Cost and benefit analysis of bamboo agroforestry and monocrop systems

Based on the partial LER analysis and the results from the comparative economic assessment of the bamboo agroforestry vs. monocropped bamboo, it seems that integrating bamboo into smallholder agricultural intercropping systems can contribute to food security, diversification of income sources and sustainable bio-energy production. There are numerous studies indicating declining yields under intensive cropping even on some good lands, e.g. the Indo-Gangetic plains (ILEIA 2000; FAO 2011; Vira et al. 2015). Tropical agroforestry systems have been proposed as a mechanism for sustaining both biodiversity and its associated ecosystem services in food production areas to forestall rapid deforestation and land degradation (Schroth et al. 2004; Steffan Dewenter et al. 2007). While the biodiversity effect of bamboo agroforestry has yet to be assessed, it can be assumed that bamboo agroforestry helps to avoid land degradation and to maintain certain ecosystem services that would be lost from intensive farming systems.

Most economic analyses of bamboo intercropping systems have proven to be economically viable. For instance, the economic return, especially net present value, internal rate of return, benefit–cost ratio, return-to-land and return-to-labor of intercropped bamboo agroforestry have been found to be much higher than those of seasonal agricultural systems in many locations (Elevitch and Wilkinson 2000; Alavalapati and Mercer 2004; Rasul and Thapa 2006; Rahman et al. 2007, 2008; Roshetko et al. 2013). The benefit–cost ratios in the current study indicate that production under all six tested scenarios is profitable albeit marginal.

In bamboo agroforestry, the woody bamboo culms are noted to produce important products, such as fuelwood, other wood products, fodder etc., which provide extra income to farmers and could contribute to poverty reduction (McNeely and Schroth 2006; Snelder and Lasco 2008; Tscharntke et al. 2011). This is particularly true for marginal farmlands where agricultural crop production is no longer biophysically or economically viable (Roshetko et al. 2008), and may become incompatible with the sustainable development aspirations (Snelder and Lasco 2008). This bamboo attribute is important in sustaining the system for long-term productivity and for sustainable economic and ecological/environmental stability. The sustained soil quality and maintained crop productivity under bamboo agroforestry in the present study is an indication of the potential of bamboo agroforestry to support the ecosystem in the study region for environmental quality and sustained food production. The importance of agroforestry systems in ensuring ecosystem services such as enhanced food production, carbon sequestration, watershed functions (stabilization of stream flow, minimization of sediment load) and soil protection has been reported (Alavalapati et al. 2004; Roshetko et al. 2007; Jose 2009; Idol et al. 2011; Lasco et al. 2014). Although labour intensive, the bamboo-food crop intercropping system can promote intensification and hence contribute to reducing deforestation.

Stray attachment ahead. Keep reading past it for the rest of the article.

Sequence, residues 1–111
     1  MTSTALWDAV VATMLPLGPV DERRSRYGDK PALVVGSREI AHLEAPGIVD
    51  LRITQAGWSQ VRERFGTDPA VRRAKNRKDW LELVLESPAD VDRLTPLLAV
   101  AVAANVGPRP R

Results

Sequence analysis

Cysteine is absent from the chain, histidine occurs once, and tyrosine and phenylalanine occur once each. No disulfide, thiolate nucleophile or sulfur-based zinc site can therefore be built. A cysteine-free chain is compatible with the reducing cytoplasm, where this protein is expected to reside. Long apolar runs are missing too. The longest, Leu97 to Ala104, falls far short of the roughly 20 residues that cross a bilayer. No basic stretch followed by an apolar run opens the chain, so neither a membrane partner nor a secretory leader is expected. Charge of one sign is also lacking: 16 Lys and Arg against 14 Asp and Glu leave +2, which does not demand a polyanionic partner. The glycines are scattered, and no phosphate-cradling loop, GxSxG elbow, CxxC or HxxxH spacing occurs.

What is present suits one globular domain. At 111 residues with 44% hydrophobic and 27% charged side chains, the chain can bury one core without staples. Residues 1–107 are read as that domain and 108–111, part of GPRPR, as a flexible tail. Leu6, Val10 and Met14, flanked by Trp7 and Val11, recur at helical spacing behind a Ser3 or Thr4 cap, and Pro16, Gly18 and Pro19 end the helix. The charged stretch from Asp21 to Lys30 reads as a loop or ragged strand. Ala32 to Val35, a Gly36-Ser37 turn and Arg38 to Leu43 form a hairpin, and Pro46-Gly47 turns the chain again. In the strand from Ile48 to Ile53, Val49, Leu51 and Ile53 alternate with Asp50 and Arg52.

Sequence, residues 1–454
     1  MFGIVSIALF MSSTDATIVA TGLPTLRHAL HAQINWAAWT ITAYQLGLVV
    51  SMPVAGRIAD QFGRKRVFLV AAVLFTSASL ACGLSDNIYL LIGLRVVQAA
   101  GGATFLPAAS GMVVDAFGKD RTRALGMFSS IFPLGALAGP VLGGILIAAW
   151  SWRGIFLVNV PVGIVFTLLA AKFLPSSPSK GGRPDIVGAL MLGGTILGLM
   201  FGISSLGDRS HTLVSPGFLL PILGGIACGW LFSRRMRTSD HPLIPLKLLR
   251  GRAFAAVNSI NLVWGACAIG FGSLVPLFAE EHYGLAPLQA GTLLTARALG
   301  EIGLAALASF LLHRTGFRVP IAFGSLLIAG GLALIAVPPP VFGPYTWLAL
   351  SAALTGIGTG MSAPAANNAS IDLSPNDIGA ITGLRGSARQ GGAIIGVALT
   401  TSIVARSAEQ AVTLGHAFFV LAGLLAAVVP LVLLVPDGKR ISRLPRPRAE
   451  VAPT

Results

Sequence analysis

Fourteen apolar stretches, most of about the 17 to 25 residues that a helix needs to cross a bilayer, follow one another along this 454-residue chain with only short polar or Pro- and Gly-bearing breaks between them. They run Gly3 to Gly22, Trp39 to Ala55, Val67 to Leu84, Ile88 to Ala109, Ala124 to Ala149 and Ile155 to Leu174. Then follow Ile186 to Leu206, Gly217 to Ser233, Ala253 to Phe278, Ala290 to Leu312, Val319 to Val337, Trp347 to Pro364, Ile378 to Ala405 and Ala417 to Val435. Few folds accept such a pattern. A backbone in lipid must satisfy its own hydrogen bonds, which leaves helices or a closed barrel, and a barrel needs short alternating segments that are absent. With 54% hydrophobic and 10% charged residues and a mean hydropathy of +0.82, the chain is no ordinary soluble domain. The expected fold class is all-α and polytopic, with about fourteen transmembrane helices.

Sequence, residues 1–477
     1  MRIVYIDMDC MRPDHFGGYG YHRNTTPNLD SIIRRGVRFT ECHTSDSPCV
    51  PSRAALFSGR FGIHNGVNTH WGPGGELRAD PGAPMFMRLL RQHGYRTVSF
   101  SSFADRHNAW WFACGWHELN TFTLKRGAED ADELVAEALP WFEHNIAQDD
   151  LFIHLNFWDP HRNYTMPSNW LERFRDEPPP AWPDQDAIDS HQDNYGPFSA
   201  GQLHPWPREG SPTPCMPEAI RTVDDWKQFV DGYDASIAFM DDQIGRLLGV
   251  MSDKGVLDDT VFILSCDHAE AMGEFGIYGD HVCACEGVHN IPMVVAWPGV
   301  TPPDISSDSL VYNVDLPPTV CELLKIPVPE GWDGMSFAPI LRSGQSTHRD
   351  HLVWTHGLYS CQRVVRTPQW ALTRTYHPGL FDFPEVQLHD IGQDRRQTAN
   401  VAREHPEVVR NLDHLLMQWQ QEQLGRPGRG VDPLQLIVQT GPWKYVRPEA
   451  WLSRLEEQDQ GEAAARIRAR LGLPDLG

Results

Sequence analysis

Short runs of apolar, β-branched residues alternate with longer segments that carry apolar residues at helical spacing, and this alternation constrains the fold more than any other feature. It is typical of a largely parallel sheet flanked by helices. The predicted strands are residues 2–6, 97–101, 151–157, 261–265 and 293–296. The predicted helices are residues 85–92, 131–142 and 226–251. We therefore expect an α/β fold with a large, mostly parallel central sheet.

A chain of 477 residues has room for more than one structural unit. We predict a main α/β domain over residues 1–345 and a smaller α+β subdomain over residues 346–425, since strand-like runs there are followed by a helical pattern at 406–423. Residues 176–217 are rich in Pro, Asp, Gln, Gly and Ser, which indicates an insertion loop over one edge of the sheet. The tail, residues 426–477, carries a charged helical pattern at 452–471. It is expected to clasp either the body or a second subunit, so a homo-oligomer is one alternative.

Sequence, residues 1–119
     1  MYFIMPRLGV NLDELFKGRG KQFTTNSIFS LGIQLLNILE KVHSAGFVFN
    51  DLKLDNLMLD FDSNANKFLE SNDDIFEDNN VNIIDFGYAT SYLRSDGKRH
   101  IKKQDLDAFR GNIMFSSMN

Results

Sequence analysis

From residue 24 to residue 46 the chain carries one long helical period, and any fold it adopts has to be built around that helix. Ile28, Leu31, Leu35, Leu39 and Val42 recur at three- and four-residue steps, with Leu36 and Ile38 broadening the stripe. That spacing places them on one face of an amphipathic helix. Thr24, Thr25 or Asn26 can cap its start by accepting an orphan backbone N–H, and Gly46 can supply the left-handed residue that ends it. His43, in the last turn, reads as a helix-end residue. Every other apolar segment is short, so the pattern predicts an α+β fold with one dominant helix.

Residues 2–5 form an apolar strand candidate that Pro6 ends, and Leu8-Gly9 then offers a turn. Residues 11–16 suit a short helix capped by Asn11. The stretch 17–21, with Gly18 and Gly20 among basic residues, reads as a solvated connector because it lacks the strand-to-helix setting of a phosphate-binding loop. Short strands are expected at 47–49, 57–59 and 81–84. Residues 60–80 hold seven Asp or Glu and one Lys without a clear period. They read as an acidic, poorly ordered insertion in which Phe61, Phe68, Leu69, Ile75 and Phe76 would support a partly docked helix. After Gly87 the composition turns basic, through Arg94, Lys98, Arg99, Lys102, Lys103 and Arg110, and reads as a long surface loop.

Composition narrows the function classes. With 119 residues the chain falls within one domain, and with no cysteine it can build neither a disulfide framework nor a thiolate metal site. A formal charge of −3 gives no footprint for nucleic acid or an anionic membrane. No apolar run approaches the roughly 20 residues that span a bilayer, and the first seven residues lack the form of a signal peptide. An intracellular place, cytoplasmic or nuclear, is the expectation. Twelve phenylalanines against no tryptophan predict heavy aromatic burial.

The results revealed a greater advantage of growing crops with bamboo over monocropping systems. This underpins the benefits of establishing bamboo agroforestry systems, especially in areas where bamboos have been identified as priority species by other initiatives, such as the Ghana Energy Commission’s Bioenergy Initiative and the Ghana BARADEP areas. The economic analysis indicates that once bamboo clumps mature, culms can be harvested throughout the year. Monocrop bamboo cultivation may be suitable for restoring degraded lands and beneficial to large-scale charcoal producers, or where farmers have enough land to permit its establishment. Small-scale farmers however, could benefit from bamboo intercropping systems through increased system productivity, diversified income streams and environmental sustainability at least for a period of three years. Ghana Forestry Commission may adopt this bamboo-agroforestry model in their quest to using bamboo for reforestation of degraded forests in Ghana. Moreover, the Ghana Ministry of Food and Agriculture may use the results of this study to underpin the current government’s flagship programme of planting for food, jobs and environmental quality. It may also facilitate the re-invigoration of the 1986 Ghana National Agroforestry policy by introducing bamboo as a key multipurpose woody species. Farmers could then diversify income streams, increase resilience against climate change effects, sustain cropping system productivity, and improve environmental quality. Finally, this study can provide useful land-use management inputs for other African countries particularly Ethiopia, Kenya and South Africa, which are strongly pursuing the bamboo agroforestry concept and other developing countries which are equally faced with food and bio-energy security threats. Further studies could investigate component interactions within bamboo-based intercropping systems beyond 3 years with different bamboo species, planting spacing, use of coppice-system and root pruning to control possible invasiveness of bamboo. Also, economic sensitivity analysis with inflationary borrowing rates are necessary for a robust economic assessment. We recommend a careful choice of appropriate bamboo species for different cropping systems. We again, anticipate a biodiversity trade-off in using exotic species against using native species; which could be looked into in future studies complementing this study to develop a comprehensive outlook for upscaling bamboo agroforestry in Ghana.